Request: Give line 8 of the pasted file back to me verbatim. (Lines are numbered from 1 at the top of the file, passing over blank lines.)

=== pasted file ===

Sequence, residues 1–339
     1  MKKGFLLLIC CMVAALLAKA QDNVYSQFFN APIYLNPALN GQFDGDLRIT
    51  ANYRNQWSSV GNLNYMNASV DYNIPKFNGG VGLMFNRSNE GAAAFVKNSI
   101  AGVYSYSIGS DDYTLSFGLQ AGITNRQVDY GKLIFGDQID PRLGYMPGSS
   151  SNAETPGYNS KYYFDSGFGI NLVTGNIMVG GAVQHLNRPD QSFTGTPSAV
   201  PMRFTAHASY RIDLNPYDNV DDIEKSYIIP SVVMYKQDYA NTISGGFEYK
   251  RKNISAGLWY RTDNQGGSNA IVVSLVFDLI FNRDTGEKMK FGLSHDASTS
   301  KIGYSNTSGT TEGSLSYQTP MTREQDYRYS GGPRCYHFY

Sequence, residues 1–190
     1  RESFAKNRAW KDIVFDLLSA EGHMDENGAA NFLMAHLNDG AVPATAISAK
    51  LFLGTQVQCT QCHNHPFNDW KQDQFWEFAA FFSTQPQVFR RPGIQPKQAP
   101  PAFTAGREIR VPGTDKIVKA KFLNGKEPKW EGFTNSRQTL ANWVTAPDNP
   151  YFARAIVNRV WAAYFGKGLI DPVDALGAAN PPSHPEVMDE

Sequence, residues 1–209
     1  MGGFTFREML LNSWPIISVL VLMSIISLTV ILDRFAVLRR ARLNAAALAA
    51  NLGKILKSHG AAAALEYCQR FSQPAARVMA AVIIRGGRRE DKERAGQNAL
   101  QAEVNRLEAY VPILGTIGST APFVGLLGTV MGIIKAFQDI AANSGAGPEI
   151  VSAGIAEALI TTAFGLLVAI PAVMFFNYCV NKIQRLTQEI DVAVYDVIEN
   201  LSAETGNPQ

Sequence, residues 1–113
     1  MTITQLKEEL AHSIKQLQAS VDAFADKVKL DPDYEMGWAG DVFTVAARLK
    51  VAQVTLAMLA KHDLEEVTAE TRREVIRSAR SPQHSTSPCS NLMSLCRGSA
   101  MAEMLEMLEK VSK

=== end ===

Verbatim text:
   301  KIGYSNTSGT TEGSLSYQTP MTREQDYRYS GGPRCYHFY